This series is an excerpt from a paper that I am writing. In the introduction, I argue that in order for the church to edify itself, at least three things are required: 1) the source and result of this edification must be found in the person of Jesus Christ, 2) the focus of edification should be placed on others and not on the self, and 3) the opportunity should be given to all believers to use their spiritual gifts to edify others.
In Part 2 of this series, I argued for the first requirement: the source and result of this edification must be found in the person of Jesus Christ. In this post, I present my argument for the second requirement: the focus of edification should be placed on others and not on the self.
In order for the church to edify itself, the focus of edification should be placed on others and not on the self. In Eph. 4:1-16, Paul demonstrates that the members of the church are dependent upon Jesus Christ, but he also demonstrates that the members of the church are interdependent upon one another. The interdependence between believers is not for the sake of interdependence only, but for interdependence that leads to the growth of the body. Furthermore, in 1 Cor. 12â€”14, Paul teaches that the Holy Spirit gives spiritual gifts to all believers in order that they may use them to benefit others, not primarily to benefit themselves (1 Cor. 12:7). Paul then demonstrates how believers should use those gifts during the gathering of the church in 1 Cor. 14. Commenting on this idea of mutual edification (or â€œupbuildingâ€), Barth states,
In the sense in which we are here using it on the model of the New Testament, the unequivocal reference of the term â€œupbuildingâ€ is to the Christian community. It is not the Christian individual as such, but the community which, in its individual members and through their reciprocal ministry, is edified, and lets itself be edified, and edifies itself.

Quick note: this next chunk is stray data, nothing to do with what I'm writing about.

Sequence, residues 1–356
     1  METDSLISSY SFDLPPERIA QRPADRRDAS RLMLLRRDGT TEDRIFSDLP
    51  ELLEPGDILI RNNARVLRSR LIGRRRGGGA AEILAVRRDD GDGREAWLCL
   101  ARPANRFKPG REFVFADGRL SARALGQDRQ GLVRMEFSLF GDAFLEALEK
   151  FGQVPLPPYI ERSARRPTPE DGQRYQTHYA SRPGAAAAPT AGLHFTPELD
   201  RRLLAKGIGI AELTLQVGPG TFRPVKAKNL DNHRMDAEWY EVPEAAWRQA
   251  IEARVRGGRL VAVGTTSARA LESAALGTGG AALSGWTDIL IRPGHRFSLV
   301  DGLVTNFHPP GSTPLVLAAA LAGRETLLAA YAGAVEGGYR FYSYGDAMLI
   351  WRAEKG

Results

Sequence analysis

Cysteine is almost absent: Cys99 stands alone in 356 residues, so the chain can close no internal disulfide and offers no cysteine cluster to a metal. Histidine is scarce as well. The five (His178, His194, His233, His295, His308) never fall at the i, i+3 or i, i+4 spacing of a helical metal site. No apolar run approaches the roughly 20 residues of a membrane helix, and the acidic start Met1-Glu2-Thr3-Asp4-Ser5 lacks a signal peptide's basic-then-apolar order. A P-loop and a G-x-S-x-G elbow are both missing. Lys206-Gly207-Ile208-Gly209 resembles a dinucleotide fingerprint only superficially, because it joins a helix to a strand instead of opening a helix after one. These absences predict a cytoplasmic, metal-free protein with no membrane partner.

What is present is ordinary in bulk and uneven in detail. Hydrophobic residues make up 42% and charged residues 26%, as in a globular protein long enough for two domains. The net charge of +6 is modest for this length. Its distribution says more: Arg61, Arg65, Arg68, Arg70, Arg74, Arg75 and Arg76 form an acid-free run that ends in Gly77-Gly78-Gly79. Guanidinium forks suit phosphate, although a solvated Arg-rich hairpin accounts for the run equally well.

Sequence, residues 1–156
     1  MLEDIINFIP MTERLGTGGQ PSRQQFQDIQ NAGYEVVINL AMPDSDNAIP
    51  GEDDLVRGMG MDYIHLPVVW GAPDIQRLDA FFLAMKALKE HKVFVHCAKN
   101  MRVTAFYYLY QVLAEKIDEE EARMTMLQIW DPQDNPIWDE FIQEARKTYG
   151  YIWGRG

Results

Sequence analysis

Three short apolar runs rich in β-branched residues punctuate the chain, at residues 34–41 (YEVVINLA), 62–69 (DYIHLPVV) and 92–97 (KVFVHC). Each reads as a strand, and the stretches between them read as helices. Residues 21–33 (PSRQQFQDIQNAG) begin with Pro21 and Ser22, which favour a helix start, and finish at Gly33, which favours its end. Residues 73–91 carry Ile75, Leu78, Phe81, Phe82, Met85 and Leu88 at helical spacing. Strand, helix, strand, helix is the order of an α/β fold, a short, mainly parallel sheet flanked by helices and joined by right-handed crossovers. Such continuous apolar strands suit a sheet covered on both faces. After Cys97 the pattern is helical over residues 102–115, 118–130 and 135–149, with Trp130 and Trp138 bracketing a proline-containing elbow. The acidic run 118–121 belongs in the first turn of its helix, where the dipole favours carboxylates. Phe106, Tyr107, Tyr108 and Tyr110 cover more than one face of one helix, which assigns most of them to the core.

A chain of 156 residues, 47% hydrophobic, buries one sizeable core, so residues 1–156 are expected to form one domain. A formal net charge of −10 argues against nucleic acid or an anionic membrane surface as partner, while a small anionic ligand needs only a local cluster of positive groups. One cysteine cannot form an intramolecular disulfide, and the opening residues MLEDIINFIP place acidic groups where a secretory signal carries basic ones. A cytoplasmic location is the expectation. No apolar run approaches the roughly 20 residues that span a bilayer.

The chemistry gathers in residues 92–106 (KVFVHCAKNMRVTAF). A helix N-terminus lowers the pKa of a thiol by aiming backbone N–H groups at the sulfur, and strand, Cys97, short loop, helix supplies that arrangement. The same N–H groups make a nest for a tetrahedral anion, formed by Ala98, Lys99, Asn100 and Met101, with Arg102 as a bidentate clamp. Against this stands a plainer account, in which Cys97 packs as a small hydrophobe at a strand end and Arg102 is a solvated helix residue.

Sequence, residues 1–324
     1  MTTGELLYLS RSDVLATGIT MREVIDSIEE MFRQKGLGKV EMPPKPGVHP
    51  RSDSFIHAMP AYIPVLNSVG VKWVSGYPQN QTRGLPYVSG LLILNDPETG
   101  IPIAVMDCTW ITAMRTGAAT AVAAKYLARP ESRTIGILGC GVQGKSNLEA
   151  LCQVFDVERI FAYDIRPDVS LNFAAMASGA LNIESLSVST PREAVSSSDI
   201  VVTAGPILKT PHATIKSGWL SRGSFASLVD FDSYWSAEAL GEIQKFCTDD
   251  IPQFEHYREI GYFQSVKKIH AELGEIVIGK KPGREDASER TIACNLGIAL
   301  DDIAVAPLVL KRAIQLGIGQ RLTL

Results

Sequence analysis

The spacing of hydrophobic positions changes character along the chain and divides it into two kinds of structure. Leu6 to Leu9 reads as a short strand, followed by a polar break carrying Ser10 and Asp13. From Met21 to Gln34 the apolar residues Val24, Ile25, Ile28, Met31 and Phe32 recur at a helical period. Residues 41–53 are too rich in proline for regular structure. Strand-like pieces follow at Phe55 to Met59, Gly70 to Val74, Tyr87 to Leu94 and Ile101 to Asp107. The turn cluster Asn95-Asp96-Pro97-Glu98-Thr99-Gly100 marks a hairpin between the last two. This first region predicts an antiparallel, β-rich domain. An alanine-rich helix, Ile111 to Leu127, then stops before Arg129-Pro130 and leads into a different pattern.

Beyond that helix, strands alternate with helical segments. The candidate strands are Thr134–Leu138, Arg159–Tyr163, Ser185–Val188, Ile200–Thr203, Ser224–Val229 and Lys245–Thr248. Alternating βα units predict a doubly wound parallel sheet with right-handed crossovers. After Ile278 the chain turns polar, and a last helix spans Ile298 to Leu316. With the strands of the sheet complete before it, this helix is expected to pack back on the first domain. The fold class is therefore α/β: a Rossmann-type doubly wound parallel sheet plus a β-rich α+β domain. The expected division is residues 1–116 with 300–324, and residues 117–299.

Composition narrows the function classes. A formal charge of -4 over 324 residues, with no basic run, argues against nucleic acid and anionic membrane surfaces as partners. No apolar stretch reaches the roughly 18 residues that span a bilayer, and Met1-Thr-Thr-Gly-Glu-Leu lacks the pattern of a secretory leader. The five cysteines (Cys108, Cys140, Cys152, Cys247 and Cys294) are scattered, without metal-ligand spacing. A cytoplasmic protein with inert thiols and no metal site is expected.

When believers forget the corporate aspect of their gatherings, the resulting â€œepidemic of individualism quite simply leads to spiritual death by isolationâ€ in spite of any extant individual devotion to God. Therefore, in order for the church to accomplish its purpose of edification during the gathering, the believers in the church must focus on others and not on themselves.
 Andrew T. Lincoln, â€œThe Theology of Ephesians,â€ New Testament Theology: The Theology of the Later Pauline Letters, ed. Andrew T. Lincoln and A.J.M. Wedderburn (Cambridge: Cambridge University Press, 1993), 99.
 While in general, the term ÏƒÏ…Î¼Ï†ÎÏÏ‰ simply means â€œbenefit,â€ in the context of 1 Corinthians, it takes on a more narrow meaning of â€œbenefit for others.â€ For example, in 1 Cor. 10:23 Paul states, â€œâ€˜All things are lawful,â€™ but not all things are helpful (ÏƒÏ…Î¼Ï†ÎÏÎµÎ¹). â€˜All things are lawful,â€™ but not all things build up.â€ This is further explained: â€œLet no one seek his own good, but the good of his neighborâ€ (1 Cor. 10:24). Therefore, Paul uses the verb ÏƒÏ…Î¼Ï†ÎÏÏ‰ to indicate benefiting others, which means that in the context of 1 Cor. 12â€”14 (the gathering of the church) the Spirit gives gifts for the benefit of other believers, not for the benefit of the one exercising that gift. Furthermore, from the parallel structure of 1 Cor. 10:23, Paul is linking â€œbenefitâ€ with â€œedification.â€
 Karl Barth, Church Dogmatics, IV.2. Trans. G.W. Bromiley (Edinburgh: T&T Clark, 1958), 627.
 Curtis Freeman, â€œWhere Two or Three are Gathered: Communion Ecclesiology in the Free Church,â€ Perspectives in Religious Studies, 31, 3 (Fall 2004), 261-62.